Saturday marked the anniversary of the premature death of one of Arkansas' greatest athletes ever, Winfield Whipple of Arkadelphia. In 1933, Whipple set a state record of 24 feet in the broad jump, a record which would not be broken for decades. His death during college ended a brilliant athletic career.
James Winfield Whipple was born in Crowley, La., on Sept. 10, 1915. His parents were Frederick and Pearl Maxwell Whipple. Win, or Skinny as he was known to his boyhood friends, had three sisters and two brothers. The family moved to Arkadelphia when Win was a baby, buying a home on Hardin Street.
Growing up in 1920s Arkadelphia had an idyllic quality for the securely middle-class Whipple children. Their home was not far from the Ouachita River, and the children swam there often. Former Henderson State University professor Larry D. Frost, who wrote a biographical sketch of Whipple, described the warm relaxing summer days when Win would "join his friends for a swim in the river, a game of baseball, or a race from one corner to the next."
The boys, known informally as the Hardin Street gang, also practiced distance jumping, and Win always significantly surpassed the other boys. Frost noted that "by the time he was 13 years old, his friends were measuring his best jumps at an incredible 20 feet, 9 inches."
At age 14 he exceeded 21 feet. And that was just a beginning. Irina Sadovova, author of the entry on Whipple in the Encyclopedia of Arkansas History & Culture, described the young athlete's remarkable progress: "In the broad jump, Whipple gained almost a foot of distance each year: He jumped 20 feet 9 inches at age 13; in 1930, he jumped 21 feet 5 inches; in 1931, he jumped 22 feet; in 1932, he jumped 23 feet 3 ¾ inches for a new state record. In 1933, while still in high school, he jumped 24 feet 10 inches in a meet against Gurdon and Sparkman, but the jump did not qualify as record breaking because it did not take place at a [sanctioned] national meet."
On May 5, 1933, Win traveled beyond the pit length with a jump that measured 24 feet, 6 inches. However, officials ruled the jump illegal, giving him credit for 24 feet, the length of the pit. This was a new state record.
One observer recalled Win's jumping technique: "He went off the board like a balloon, about head high, maybe 5 feet 6 inches, and soared like a bird. He had extreme confidence. He knew he was good."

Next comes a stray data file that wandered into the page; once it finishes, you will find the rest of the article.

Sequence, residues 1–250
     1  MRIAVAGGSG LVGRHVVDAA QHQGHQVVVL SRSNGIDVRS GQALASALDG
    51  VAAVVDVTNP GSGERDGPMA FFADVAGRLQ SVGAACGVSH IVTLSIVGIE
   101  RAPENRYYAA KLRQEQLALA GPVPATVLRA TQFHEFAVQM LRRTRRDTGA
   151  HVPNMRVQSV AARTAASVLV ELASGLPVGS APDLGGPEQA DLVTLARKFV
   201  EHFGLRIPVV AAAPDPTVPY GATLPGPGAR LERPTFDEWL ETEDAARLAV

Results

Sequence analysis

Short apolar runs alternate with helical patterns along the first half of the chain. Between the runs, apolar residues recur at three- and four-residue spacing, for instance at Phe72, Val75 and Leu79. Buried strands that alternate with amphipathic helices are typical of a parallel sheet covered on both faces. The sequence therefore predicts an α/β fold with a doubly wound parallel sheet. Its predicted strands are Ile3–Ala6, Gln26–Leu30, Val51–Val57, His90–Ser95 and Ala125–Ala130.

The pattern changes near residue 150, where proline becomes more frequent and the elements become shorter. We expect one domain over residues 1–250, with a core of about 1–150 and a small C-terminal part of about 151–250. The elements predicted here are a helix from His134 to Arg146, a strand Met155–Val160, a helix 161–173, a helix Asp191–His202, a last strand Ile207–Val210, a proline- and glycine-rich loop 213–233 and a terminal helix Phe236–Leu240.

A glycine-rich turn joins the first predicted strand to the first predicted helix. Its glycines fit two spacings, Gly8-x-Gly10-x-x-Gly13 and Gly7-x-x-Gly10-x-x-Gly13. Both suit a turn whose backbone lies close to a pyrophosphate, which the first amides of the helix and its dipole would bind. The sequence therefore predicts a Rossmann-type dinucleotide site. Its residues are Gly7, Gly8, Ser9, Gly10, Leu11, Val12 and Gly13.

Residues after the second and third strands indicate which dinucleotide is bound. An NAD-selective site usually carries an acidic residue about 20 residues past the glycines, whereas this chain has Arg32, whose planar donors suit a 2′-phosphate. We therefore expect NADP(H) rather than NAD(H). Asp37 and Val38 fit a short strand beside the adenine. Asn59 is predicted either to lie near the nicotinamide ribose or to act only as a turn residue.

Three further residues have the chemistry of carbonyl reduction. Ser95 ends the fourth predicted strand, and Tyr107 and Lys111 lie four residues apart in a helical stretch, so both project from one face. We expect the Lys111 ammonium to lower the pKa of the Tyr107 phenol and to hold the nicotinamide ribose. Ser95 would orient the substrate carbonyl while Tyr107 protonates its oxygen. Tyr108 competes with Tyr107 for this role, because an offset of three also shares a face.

Whipple dreamed of besting the record of another Arkansas track and field star, Eddie Hamm of Lonoke. In 1928 Hamm, a student at Georgia Tech, broke the Southern Conference broad jump record with a leap of 25 feet, 6 ¾ inches. During the Olympic trials that same year, Hamm broke the world broad jump record with a jump of 25 feet, 11 ½ inches.
Whipple received an athletic scholarship to attend Louisiana State University where he studied forestry and competed in a variety of track and field sports. He did well during his freshman year, but what was believed to be a stone bruise on his left foot kept him from excelling during his sophomore year. Eventually he was diagnosed with cancer in his left calf, and the limb was removed above the knee, putting an end to his athletic career. But matters would get worse.
At first, Win seemed to be recovering well after he returned home to Arkadelphia. A steady stream of well-wishers visited the Whipple home, including representatives from the LSU athletic department. After several months, his situation worsened, and it soon became clear that the cancer had escaped the surgeon's knife and had spread to his lungs and even his heart.
Win Whipple slipped into a coma on Feb. 2, 1937, and died later that afternoon. He was only 21 years old. He was buried in Rose Hill Cemetery in Arkadelphia.
Whipple's 1933 state high school record jump of 24 feet was not surpassed until 1983. He was inducted into the Arkansas Track and Field Hall of Fame in 2001.
Tom Dillard is a historian and retired archivist who lives near Glen Rose in rural Hot Spring County. Email him at Arktopia.firstname.lastname@example.org.
Editorial on 02/03/2019
Print Headline: TOM DILLARD: The short career of a long jumper